As climate change continues to affect our world, a team of researchers brought together by UCI professor Cascade Sorte is making a positive difference through collaboration and les châteaux de la France. Dr. Cascade Sorte, a faculty member in the Department of Ecology and Evolutionary Biology, is a recent co-recipient of the Ecological Society of America’s 2021 George Mercer Award, which is given annually for an outstanding ecological research paper published by researchers early in their career. Sorte’s award recognizes a groundbreaking collaborative research article she published in 2019 on the impacts of invasive species.
This study came about with support from the Albert and Elaine Borchard Foundation, which gave Sorte and an international group of collaborators the chance to get together in a castle in France to kickstart the project. The Borchard Foundation funds research and the arts for the betterment of humanity, citing education and social justice as key to their mission. Sorte appreciated the unique opportunity to bring in past collaborators, and those she had had not yet worked with, to meet in a French castle, “eat amazing French food, and do science at the same time,” calling it a “dream come true.”
Sorte also credits Dr. Bethany Bradley of UMass-Amherst, a longtime collaborator, with leadership of the project. Under their combined guidance, participants experienced a safe space in which they could feel brave and heard. Science is gradually growing into a more collaborative venture with many authors contributing to a single research paper. Sorte and her group are a manifestation of that shift. Without the talents and expertise of a diverse team, their award-winning meta-analysis study would not have been possible. Sorte truly believes in the value of team science, stating that the George Mercer Award serves as “validation of the strength of this approach.”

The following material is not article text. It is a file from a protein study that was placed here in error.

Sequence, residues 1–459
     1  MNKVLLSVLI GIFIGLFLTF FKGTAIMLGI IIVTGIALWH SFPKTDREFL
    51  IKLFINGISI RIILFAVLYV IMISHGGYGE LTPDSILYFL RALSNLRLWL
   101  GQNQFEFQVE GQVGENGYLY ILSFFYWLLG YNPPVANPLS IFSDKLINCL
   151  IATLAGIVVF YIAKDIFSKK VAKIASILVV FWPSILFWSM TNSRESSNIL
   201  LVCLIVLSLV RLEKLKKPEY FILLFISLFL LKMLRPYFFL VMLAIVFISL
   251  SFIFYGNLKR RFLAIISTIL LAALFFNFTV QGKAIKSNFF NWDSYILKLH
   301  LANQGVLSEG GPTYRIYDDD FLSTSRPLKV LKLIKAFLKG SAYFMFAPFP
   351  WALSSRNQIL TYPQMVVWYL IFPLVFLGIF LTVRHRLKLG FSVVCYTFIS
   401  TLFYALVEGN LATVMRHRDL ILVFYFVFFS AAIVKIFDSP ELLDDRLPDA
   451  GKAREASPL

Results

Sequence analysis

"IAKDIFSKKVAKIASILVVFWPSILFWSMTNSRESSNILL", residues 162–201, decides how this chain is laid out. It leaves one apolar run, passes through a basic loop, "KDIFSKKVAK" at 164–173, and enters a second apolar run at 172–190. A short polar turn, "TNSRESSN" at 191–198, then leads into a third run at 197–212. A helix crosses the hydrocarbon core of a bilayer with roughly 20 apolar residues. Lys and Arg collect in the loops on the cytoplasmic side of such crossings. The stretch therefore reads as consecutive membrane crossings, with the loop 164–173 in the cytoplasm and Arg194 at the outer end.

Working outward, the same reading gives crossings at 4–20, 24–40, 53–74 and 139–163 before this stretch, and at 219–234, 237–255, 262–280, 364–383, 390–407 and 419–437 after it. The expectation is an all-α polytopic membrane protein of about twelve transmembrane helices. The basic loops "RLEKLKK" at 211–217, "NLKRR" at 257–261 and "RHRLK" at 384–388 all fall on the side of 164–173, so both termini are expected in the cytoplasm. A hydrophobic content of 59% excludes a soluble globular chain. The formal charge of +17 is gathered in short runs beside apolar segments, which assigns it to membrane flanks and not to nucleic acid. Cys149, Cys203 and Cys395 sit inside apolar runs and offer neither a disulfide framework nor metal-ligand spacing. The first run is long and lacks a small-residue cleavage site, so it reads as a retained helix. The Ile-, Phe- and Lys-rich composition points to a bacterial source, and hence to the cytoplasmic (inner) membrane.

The 2019 study, which provides a framework for understanding the effects of climate change on impacts of invasive species, brought together an international and interdisciplinary group. Scientists from Spain, France, the UK, and the US converged for meetings in each country, with the full project taking just over three years to finish. The research also built on some of Sorte’s own Ph.D. work which found that invasive species were often winners when climate changes. The 2019 meta-analysis showed that the abundance of invasive species is a strong indicator of their impacts, providing a framework for predicting how and whether those impacts may be altered with climate change. The 2019 study also highlighted that predators have a non-linear, or initially quick and strong, impact on native populations. The upshot is that managers may need to take swift action to avoid negative impacts of species invasions.
Sorte hopes to continue uniting experts across disciplines and involving UCI scholars in new research. She envisions using the framework developed for invasive species to provide a better understanding of shifting species ranges due to climate change.
Receiving the George Mercer Award validates the effectiveness of collaborative research. Sorte has always admired the Mercer Award winners, and now her success in collaboration means she can count herself among them.